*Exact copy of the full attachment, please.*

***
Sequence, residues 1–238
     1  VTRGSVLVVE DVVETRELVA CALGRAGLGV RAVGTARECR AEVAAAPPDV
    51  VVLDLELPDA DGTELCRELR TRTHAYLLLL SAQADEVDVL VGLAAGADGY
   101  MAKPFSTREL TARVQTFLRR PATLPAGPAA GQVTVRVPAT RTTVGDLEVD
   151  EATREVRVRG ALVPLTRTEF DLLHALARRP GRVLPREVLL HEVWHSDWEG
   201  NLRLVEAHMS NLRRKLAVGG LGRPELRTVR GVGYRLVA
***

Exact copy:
Sequence, residues 1–238
     1  VTRGSVLVVE DVVETRELVA CALGRAGLGV RAVGTARECR AEVAAAPPDV
    51  VVLDLELPDA DGTELCRELR TRTHAYLLLL SAQADEVDVL VGLAAGADGY
   101  MAKPFSTREL TARVQTFLRR PATLPAGPAA GQVTVRVPAT RTTVGDLEVD
   151  EATREVRVRG ALVPLTRTEF DLLHALARRP GRVLPREVLL HEVWHSDWEG
   201  NLRLVEAHMS NLRRKLAVGG LGRPELRTVR GVGYRLVA